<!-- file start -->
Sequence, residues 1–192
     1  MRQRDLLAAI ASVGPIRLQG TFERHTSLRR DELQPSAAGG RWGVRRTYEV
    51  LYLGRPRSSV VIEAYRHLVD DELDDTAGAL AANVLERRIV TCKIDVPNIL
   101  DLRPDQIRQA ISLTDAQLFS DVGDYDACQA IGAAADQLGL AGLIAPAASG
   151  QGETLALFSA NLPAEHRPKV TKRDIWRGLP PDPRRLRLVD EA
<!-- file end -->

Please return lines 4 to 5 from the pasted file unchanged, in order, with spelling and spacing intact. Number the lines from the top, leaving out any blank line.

   101  DLRPDQIRQA ISLTDAQLFS DVGDYDACQA IGAAADQLGL AGLIAPAASG
   151  QGETLALFSA NLPAEHRPKV TKRDIWRGLP PDPRRLRLVD EA